Allo Allo Box Set is Coming in July

Discussion in 'Archived Threads 2001-2004' started by Keith Yatsuhashi, Jun 19, 2002.

  1. Keith Yatsuhashi

    Keith Yatsuhashi Stunt Coordinator

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    I noticed this a few weeks back, but the full specs were only recently announced. The classic Britcom Allo Allo is coming to R2 PAL on July 8. It's a box set containing the complete first 2 seasons. YES! I love this series.
    Does anyone know what the release schedule is for the future volumes? I hope it's pretty quick. My other fav. britcom, Yes Minister, stopped after only 1 Vol. [​IMG] Probably didn't sell well enough. [​IMG]
     
  2. andrew markworthy

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    Oh good - a series in which the Nazis are presented as comedians. What hilarious fun living in Nazi-occupied Europe must have been.

    Sorry, but I know of no Brit with any sense of history who finds this series remotely funny. There were a lot of protests in Britain when the series was first aired, but to no avail. Presumably enough Brits are either ignorant of what the Nazis did or (far worse) don't care, for it to be run and re-run. And hey, if you can get enough of these people to watch the show, why bother about trivial things like decency, or the memories of 9 million murdered civilians?
     
  3. Werner_R

    Werner_R Stunt Coordinator

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    I love this series ! I'm getting one [​IMG]
     
  4. Hendrik

    Hendrik Supporting Actor

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    andrew markworthy: ...think: ...it's only a Sitcom... it's only a SitCom... it's only a SitCom...
    . . . [​IMG] . . .
     
  5. Keith Yatsuhashi

    Keith Yatsuhashi Stunt Coordinator

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    Yikes, you can offend anybody with anything. It isn't as thought this is the first comedy to poke fun at something very serious......Hogan's Heroes, The Producers, even Raiders of the Lost Ark made fun of the Nazis. There's some very good comedy about the old USSR, and that was just as serious as the Nazi's. Look at some of the old Bugs Bunny cartoon. Hitler and Goering were satirized at total idiots. The list goes on...The Japanese imperialism, China, Middle East Terrorists. Sometimes humor is the only way to cope with tragedy, especially if it empowers the viewer.
     
  6. andrew markworthy

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    Hendrik - think: what's in Swiss bank vaults, what's in Swiss bank vaults...

    I'm resolutely not anti-German, I'm not obsessed with issues, and I agree that we should try to see the lighter side of many things. But: there are some things which I feel are utterly beyond joking, and the Nazis are one of these. The problem with Allo Allo is that it trivialised truly horrible events. If it had been sardonic or used the horrors of Nazi activities to contrast with comedy, then I (and a lot of other critics of the series) would have no problem with it. But in the end the whole thing is seen as a bit of a lark, with no real harm done. If only that were true.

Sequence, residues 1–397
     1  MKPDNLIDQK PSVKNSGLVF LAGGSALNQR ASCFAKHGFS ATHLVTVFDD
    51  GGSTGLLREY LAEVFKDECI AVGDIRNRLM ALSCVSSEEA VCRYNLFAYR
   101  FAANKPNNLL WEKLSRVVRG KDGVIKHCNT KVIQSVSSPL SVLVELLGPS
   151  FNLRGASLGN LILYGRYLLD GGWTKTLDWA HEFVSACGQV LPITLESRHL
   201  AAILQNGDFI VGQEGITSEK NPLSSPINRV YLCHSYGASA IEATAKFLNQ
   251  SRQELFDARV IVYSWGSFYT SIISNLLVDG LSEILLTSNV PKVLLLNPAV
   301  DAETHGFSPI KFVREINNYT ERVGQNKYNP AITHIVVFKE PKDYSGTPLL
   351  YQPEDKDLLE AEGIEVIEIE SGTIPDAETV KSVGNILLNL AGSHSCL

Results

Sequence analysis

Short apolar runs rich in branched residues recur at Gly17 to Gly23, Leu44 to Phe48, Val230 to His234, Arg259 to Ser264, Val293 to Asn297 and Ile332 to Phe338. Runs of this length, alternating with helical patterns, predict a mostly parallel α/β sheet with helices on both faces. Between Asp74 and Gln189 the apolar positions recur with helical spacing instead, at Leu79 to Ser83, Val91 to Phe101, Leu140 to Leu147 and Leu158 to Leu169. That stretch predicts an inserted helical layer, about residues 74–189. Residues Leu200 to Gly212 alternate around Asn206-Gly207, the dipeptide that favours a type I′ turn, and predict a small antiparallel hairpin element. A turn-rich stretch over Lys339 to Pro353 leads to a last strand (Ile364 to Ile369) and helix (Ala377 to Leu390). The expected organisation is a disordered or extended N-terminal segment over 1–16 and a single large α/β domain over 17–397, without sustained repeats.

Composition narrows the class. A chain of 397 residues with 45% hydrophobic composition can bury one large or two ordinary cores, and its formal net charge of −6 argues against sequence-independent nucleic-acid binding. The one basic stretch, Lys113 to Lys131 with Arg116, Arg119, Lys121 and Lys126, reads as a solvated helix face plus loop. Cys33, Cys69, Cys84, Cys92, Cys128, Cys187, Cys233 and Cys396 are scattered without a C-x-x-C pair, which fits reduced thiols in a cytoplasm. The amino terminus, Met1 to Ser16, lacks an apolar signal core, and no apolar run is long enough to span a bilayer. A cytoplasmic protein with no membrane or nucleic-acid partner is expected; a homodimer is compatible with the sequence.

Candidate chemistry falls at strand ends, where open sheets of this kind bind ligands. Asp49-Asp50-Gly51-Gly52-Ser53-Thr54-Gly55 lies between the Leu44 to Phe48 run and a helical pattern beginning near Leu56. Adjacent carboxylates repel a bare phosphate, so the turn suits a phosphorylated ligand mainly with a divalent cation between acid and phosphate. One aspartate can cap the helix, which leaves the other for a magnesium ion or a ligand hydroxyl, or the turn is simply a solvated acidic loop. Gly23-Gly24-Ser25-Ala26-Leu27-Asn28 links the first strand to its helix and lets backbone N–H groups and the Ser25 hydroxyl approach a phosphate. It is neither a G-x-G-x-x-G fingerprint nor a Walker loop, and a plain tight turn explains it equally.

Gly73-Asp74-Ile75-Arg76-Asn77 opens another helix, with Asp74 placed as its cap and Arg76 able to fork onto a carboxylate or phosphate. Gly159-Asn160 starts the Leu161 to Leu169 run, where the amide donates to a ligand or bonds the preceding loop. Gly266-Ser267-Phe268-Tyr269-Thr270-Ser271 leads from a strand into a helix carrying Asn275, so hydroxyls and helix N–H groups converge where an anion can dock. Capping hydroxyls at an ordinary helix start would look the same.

Keith - I agree entirely that at times humour is the best response, and the wartime propaganda such as Bugs Bunny et al served a v. useful purpose. Programmes such as Hogan's Heroes et al were a different kettle of fish altogether. The comedy there was about jailer and prisoner and fell into a routine in which the war was essentially incidental. The difference with Allo Allo is that the humour is derived from specific situations which in order to extract the humour have to trivialise the reality to a point where it's offensive. I think the best way I can explain this is to imagine a 'comedy' series set in an American slave plantation with a bumbling plantation owner and a cast of eccentric slaves. Such a series would never be made and would of course be in appalling taste. However, to me Allo Allo is in this same category.
     
  7. Eujin

    Eujin Supporting Actor

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    Keith,
    thanks for posting this info--I've been waiting for this to come out.

    Andrew,
    you make some excellent points and your opinions are certainly valid. I believe that Allo Allo walked a thin line when it was on the air, but for me it fell just on the right side of acceptability. The series was, after all, set in occupied France, not a concentration camp or one of the death camps. I'm not saying that it was all days of wine and roses under the Vichy government, but one can hardly draw parallels with pre-abolitionist America.

    In addition, the main German characters were not necessarily Nazis--members of the National Socialist Party. Yes, I realize Herr Flick of the SS would have been an official Nazi, but he was more an object of ridicule than anything else. For that matter, ALL the characters were objects of ridicule. As far as I can recall, Allo Allo did not exploit events like, say, the Holocaust, for the purposes of humor--everything funny in it came down to character and situational slapstick portrayals.

    I'm not trying to pick a fight here, just presenting an alternative opinion that goes further than "this was the funniest show ever"-type arguments. I respect the views you presented above--I just don't agree with them.
     

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